WEEK IN BRIEF: Copper in Shanghai; US senate hearing; recycled aluminium; boost for Chinese ferro-chrome

It was another busy week in Metal Bulletin’s offices across the globe, as conferences got under way in Shanghai and Berlin, while a senate hearing in the USA brought banks in commodities back into the spotlight.

It was another busy week in Metal Bulletin’s offices across the globe, as conferences got under way in Shanghai and Berlin, while a senate hearing in the USA brought banks in commodities back into the spotlight.

In Shanghai, the 10th Metal Bulletin Asia Copper Conference kicked off, and at least one Chinese customer accepted Codelco’s $133-per-tonne copper premium offer for 2015 delivery. 

China Minmetals Non Ferrous, meanwhile, said it will focus on mining projects. 

The London Metal Exchange ceo said he had seen an increase in the number of copper producers hedging the copper price since he took up his role at the exchange. 

And Codelco’s president said that he thinks that without the $12 billion investment to bring five greenfield and brownfield mining projects online, Codelco would have to close in about 15 years

An executive at the mining company told the Shanghai conference that copper prices will average $3 to $3.50 per lb ($6,614-7,716 per tonne) in the long term as a result of rising capital and operating costs in mining and strong underlying demand. 

And here’s what Freeport McMoran’s svp of sales and marketing had to say about blending and the copper industry’s arsenic problem

Metal Bulletin reported that Freeport shut its copper smelter in Miami, Arizona, after a fire at the facility. 

Clients of JCL Trading and Investing, a major Chinese copper trading firm in Guangdong province, were exercising caution in dealing with the company

Treatment and refining charges (TC/RCs) for copper concentrates dropped in the first two weeks of November. Find out by how much, and what was behind the fall, here

Senate hearing
In the USA, a Senate report showed that the US Federal Reserve forced JP Morgan to sell its Henry Bath warehouse. It also rejected applications by Goldman Sachs and Morgan Stanley to trade physical iron ore, and refused an application by Goldman Sachs for a joint-venture sugar plant in Brazil. Read the full story here.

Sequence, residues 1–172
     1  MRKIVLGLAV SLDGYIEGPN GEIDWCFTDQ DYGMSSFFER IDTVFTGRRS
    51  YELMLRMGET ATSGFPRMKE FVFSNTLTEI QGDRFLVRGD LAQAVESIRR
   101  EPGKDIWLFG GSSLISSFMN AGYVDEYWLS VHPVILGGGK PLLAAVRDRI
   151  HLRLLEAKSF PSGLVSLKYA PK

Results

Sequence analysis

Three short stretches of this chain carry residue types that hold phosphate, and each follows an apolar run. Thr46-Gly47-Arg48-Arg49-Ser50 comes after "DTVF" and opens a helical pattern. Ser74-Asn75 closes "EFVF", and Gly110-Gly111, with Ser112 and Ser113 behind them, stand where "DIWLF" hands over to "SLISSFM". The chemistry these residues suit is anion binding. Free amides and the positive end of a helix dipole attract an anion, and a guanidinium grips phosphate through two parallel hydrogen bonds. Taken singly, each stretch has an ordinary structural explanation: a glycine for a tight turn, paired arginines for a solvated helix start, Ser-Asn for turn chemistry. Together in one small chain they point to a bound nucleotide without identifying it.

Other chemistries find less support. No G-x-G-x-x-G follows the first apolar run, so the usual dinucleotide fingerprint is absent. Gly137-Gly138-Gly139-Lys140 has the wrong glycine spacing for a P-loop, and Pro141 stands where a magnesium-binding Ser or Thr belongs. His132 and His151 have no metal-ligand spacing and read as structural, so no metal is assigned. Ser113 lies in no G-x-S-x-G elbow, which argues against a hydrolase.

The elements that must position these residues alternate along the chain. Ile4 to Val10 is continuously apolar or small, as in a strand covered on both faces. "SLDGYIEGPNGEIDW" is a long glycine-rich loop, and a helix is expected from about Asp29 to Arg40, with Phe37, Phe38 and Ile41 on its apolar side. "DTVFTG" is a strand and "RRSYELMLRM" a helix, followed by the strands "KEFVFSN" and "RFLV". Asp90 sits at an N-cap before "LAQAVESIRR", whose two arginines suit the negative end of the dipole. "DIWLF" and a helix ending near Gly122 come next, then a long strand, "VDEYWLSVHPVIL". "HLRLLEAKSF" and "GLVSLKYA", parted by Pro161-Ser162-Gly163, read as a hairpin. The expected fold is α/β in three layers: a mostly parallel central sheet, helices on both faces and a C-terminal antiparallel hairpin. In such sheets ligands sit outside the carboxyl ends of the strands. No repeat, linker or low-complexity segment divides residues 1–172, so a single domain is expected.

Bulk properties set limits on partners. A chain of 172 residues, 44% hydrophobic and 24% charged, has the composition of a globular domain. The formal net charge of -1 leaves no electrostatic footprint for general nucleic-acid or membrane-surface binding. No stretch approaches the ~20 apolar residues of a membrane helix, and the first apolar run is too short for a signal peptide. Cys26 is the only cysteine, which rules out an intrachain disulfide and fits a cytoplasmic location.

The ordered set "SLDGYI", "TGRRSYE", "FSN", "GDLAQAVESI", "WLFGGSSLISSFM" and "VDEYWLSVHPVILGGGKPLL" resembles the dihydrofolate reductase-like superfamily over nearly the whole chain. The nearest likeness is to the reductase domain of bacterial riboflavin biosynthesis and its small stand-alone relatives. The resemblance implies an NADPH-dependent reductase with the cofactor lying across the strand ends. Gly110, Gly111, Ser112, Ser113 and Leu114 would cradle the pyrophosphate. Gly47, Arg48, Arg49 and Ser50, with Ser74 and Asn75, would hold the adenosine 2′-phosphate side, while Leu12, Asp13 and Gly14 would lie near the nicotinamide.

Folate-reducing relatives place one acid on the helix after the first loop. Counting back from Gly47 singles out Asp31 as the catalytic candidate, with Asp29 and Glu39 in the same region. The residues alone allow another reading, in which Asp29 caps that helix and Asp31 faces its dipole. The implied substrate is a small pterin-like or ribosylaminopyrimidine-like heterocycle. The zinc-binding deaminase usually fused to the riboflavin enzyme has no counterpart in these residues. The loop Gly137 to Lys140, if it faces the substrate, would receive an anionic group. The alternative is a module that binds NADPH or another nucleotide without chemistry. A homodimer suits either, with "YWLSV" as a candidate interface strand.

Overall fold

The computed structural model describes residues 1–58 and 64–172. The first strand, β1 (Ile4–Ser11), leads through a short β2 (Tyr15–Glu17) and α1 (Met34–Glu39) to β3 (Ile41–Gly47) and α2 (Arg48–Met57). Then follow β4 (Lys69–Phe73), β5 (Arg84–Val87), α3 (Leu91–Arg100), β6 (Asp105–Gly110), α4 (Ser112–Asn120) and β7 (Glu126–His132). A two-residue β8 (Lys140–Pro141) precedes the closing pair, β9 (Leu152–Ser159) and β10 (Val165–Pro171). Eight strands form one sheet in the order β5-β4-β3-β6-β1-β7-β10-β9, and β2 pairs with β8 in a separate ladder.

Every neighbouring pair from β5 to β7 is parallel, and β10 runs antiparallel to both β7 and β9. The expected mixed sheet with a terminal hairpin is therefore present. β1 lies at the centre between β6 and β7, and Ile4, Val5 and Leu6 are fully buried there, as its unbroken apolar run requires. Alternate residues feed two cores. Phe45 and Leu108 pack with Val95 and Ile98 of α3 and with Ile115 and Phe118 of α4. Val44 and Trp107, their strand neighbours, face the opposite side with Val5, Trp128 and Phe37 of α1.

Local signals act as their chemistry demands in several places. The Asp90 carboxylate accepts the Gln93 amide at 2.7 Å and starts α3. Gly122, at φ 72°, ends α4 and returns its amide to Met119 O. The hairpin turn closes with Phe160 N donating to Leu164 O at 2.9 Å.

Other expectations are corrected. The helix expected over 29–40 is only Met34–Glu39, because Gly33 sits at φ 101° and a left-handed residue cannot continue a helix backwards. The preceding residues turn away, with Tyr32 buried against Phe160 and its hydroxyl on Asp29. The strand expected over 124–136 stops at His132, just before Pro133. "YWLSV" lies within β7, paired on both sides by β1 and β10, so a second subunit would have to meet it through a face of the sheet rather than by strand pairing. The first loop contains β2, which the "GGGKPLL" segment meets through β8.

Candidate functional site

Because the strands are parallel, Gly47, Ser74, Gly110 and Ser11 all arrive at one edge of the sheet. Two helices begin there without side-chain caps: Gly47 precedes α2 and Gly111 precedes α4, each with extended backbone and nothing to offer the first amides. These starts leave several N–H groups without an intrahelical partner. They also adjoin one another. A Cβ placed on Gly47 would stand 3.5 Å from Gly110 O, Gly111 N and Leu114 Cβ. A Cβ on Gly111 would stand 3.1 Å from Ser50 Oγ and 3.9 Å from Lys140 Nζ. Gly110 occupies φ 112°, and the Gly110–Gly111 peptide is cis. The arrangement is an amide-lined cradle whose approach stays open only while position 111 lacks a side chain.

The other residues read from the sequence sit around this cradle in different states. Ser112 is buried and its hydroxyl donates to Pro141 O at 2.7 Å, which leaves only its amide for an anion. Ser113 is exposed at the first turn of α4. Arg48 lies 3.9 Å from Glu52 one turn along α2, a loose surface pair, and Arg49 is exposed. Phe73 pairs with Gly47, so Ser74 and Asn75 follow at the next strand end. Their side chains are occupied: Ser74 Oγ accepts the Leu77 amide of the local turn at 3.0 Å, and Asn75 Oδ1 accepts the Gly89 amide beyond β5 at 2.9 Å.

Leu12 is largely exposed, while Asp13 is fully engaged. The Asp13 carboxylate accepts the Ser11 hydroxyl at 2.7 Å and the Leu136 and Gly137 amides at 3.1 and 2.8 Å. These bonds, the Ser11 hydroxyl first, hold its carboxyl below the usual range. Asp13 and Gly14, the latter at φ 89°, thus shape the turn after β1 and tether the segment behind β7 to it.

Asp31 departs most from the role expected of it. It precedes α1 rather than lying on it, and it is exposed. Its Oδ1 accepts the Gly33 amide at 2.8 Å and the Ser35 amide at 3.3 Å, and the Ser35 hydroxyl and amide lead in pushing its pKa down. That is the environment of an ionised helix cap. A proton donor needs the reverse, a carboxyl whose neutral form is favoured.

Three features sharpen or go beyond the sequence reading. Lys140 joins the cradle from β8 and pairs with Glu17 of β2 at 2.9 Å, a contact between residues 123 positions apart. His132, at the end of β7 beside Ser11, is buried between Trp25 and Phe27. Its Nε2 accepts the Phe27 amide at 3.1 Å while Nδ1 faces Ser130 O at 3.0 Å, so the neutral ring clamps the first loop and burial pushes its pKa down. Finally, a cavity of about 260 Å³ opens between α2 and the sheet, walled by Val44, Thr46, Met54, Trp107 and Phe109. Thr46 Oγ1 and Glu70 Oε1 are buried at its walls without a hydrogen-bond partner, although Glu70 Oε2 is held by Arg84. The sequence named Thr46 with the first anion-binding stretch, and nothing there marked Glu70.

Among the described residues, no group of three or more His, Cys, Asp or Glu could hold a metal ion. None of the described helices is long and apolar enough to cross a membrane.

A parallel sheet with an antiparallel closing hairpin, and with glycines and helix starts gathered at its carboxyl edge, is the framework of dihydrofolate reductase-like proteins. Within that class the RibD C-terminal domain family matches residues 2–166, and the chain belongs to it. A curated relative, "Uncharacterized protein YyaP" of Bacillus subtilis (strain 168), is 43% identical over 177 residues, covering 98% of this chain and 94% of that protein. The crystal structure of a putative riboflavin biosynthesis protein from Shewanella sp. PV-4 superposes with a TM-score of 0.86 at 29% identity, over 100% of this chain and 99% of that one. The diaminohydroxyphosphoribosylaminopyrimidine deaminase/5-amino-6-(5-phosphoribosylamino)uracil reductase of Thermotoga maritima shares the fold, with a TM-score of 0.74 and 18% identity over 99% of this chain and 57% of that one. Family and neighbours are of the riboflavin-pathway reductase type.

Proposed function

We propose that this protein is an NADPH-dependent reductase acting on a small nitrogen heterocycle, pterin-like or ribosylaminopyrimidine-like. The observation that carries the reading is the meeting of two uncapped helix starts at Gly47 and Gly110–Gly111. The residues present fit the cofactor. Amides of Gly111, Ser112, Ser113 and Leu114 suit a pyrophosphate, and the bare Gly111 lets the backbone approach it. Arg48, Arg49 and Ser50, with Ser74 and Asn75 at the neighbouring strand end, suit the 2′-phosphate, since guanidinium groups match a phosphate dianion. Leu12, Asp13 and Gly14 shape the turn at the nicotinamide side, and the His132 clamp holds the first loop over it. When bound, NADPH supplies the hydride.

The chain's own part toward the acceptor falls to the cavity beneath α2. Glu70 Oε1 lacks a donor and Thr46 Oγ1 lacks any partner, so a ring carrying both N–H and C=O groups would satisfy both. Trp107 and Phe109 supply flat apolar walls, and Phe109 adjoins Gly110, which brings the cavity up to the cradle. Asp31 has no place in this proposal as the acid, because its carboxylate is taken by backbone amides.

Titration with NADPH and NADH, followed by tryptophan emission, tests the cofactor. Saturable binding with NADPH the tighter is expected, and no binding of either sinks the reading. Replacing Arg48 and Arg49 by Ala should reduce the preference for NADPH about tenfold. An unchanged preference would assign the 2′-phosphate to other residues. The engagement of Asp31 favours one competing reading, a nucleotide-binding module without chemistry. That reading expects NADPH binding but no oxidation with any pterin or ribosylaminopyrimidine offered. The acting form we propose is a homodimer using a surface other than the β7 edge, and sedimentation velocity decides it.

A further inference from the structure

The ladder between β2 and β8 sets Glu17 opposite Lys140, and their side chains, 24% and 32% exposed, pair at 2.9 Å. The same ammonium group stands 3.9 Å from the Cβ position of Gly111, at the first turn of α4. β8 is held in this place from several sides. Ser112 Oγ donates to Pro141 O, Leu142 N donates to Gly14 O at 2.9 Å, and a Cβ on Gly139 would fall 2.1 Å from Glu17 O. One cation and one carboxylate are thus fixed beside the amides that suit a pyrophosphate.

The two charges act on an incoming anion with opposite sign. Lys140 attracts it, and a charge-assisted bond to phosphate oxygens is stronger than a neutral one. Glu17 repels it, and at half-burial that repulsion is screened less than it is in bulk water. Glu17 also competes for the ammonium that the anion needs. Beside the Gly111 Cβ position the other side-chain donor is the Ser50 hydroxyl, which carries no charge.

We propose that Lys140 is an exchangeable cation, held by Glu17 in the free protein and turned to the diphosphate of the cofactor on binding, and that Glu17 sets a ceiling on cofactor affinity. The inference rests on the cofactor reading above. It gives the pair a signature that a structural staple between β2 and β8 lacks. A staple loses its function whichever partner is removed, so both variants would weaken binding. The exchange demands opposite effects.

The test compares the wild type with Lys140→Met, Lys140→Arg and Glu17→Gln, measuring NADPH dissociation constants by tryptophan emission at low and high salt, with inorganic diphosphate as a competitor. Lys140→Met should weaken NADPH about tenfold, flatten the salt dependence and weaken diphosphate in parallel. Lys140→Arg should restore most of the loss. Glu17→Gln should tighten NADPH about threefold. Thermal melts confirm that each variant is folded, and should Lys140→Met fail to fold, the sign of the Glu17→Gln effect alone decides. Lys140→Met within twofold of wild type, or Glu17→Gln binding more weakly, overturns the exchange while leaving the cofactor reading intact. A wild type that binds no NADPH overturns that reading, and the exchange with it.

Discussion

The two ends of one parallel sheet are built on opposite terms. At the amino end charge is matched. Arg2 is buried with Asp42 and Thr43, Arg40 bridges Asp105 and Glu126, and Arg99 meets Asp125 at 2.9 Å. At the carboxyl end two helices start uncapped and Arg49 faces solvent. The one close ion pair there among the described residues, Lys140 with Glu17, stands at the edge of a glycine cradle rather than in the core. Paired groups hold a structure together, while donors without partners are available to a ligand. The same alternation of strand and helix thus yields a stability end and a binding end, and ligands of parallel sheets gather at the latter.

And a second US Senate report showed that warrant cancellations at Metro International Trade Services’ Detroit warehouse by Deutsche Bank, Red Kite and Glencore were financially incentivised by Metro and significantly contributed to the lengthy warehouse queue. Read the full story here. 

 Goldman Sachs executives defended the bank against allegations that its activities in physical commodities were a “recipe for manipulation”. 

And representatives argued that carry trade, not incentives, led to the Detroit warehouse queues. 

Andrea Hotter had this news from the hearing, and much more, here.

Recycled aluminium in Berlin
Jethro Wookey was at Metal Bulletin’s 22nd international recycled aluminium conference in Berlin, where David Rosenblum of OmniSource Corp warned delegates that many factors will converge to tighten aluminium scrap supply in North America in the next few years. 

A lot of the talk centred on the automotive industry, and Constellium’s recent results showed an improvement thanks to the autos business.

Delegates heard about American Specialty Alloys’ (ASA) plan to offer flat-rolled aluminium to the North American automotive market at a 30% discount to the current average cost, thanks to its new continuous casting technologies designed to increase production efficiency and lower overhead costs.

Nickel, ores and alloys
And there was more from Shanghai, where an official from KGHM International said that molybdenum concentrate from Sierra Gorda is expected to reach the market early next year.

Nickel rallied, meanwhile. LME prices breached $16,600 per tonne, up from below $16,000 at the start of the week, after fresh assurances that Indonesia will maintain its ore export ban – for anyone who still had doubts.

And in the alloy markets, struggling ferro-chrome producers in China received a long-awaited boost as major Chinese steel mills Tsingshan and Tisco raised their monthly purchase price for domestic material for the first time since December 2013.

It’s too soon for South African charge chrome producers to feel relieved, though: Metal Bulletin’s charge chrome index, cif Shanghai stands at 80 cents per lb for the third consecutive week, still about 1 cent above Tsingshan’s price. 

Fleur Ritzema
fritzema@metalbulletin.com
Twitter: @FleurRitzema_MB

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